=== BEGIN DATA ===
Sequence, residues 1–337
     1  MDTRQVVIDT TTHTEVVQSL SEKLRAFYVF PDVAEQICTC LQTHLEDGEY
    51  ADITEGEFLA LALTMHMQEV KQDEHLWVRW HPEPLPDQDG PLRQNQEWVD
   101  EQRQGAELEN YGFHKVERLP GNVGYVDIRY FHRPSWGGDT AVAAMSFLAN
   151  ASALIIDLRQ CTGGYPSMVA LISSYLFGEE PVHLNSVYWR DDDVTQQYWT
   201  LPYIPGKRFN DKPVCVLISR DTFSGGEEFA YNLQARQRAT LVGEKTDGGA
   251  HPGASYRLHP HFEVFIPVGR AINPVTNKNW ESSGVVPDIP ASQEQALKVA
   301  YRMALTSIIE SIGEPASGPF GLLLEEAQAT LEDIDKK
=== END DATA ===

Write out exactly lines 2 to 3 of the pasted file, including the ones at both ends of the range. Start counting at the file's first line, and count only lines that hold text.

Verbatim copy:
     1  MDTRQVVIDT TTHTEVVQSL SEKLRAFYVF PDVAEQICTC LQTHLEDGEY
    51  ADITEGEFLA LALTMHMQEV KQDEHLWVRW HPEPLPDQDG PLRQNQEWVD